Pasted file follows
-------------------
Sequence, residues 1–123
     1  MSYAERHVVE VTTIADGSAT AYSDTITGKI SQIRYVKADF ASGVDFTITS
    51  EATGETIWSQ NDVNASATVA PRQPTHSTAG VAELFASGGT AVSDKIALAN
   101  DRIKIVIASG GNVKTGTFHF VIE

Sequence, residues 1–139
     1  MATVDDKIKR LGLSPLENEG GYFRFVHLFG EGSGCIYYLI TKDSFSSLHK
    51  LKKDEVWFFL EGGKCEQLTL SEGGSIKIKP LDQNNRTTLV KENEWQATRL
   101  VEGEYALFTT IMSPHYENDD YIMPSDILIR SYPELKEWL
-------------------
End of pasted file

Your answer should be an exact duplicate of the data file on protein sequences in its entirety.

Sequence, residues 1–123
     1  MSYAERHVVE VTTIADGSAT AYSDTITGKI SQIRYVKADF ASGVDFTITS
    51  EATGETIWSQ NDVNASATVA PRQPTHSTAG VAELFASGGT AVSDKIALAN
   101  DRIKIVIASG GNVKTGTFHF VIE

Sequence, residues 1–139
     1  MATVDDKIKR LGLSPLENEG GYFRFVHLFG EGSGCIYYLI TKDSFSSLHK
    51  LKKDEVWFFL EGGKCEQLTL SEGGSIKIKP LDQNNRTTLV KENEWQATRL
   101  VEGEYALFTT IMSPHYENDD YIMPSDILIR SYPELKEWL